The story begins in 1980 when Thula is a young girl and spans forty years. During this time, many of the village’s children fall sick and die because of the poisoned water. Their long struggle against corporate America begins when Konga, the village madman, stands up against Pexton’s visiting representatives who then become Kosawa’s prisoners. The situation becomes violent, inciting the village’s younger men to get revenge. Years later, Thula becomes the group’s leader and works with American lawyers to make things right.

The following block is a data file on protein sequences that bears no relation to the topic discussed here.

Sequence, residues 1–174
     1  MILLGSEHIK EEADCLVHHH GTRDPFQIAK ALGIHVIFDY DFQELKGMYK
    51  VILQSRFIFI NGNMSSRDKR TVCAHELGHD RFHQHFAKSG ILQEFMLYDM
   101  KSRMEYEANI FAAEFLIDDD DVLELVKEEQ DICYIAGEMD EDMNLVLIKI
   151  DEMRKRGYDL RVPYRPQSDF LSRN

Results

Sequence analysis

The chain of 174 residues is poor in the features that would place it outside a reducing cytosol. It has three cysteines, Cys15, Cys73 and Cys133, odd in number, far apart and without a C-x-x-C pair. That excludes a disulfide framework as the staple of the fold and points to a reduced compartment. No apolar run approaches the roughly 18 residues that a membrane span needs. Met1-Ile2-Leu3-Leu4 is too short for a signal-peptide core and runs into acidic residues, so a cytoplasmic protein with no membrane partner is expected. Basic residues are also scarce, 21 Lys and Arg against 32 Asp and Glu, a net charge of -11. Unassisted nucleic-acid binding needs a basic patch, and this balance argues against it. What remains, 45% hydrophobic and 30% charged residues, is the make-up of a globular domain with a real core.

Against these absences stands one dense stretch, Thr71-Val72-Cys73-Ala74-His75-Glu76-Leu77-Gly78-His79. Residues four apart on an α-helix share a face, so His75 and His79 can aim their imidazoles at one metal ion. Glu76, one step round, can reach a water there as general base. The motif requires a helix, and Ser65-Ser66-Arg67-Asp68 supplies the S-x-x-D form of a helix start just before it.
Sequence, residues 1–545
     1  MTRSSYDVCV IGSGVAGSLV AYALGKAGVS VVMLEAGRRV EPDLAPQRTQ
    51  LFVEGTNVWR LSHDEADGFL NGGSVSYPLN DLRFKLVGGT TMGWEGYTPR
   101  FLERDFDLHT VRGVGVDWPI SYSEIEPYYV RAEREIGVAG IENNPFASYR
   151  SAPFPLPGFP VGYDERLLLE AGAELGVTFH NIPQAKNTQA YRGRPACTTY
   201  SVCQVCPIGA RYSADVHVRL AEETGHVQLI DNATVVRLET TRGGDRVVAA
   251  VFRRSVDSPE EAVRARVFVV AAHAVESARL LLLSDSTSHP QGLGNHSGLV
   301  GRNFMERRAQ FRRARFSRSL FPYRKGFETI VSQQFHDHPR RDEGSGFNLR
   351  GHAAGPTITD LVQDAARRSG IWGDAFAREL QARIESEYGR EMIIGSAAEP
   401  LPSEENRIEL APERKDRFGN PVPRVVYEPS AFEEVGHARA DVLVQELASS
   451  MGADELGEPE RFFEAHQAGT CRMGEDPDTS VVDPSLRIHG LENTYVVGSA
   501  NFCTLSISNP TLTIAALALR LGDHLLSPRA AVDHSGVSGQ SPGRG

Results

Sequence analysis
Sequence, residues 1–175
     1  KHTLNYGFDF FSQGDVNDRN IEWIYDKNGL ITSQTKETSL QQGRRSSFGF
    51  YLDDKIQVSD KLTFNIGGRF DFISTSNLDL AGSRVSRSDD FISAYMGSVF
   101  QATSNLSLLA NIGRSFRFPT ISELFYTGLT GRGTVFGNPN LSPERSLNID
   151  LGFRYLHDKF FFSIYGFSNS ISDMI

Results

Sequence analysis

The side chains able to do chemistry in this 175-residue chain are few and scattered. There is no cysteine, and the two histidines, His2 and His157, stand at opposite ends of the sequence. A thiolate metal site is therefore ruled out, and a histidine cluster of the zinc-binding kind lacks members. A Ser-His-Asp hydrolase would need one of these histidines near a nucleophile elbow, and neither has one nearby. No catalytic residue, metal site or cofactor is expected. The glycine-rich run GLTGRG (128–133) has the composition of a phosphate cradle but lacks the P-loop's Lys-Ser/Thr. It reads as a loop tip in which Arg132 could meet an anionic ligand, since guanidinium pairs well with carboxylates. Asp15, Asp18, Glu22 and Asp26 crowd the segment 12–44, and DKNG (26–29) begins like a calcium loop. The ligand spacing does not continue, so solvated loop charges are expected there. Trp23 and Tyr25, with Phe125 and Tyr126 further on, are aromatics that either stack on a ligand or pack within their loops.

Told from several points of view, representing Thula, her mother, uncle, brother and the children, in a collective voice, readers learn the history of the ancestral village, its beliefs and its spirituality, as well as the legal battle with Pexton.

I was disappointed I didn’t like it.

It’s a weird feeling when you don’t like a book that has received so much praise, especially a book that talks about a fight I absolutely agree with. What I don’t like is that because of its themes and backings, the book becomes untouchable. I mean, how can I say a book that has an important theme isn’t good?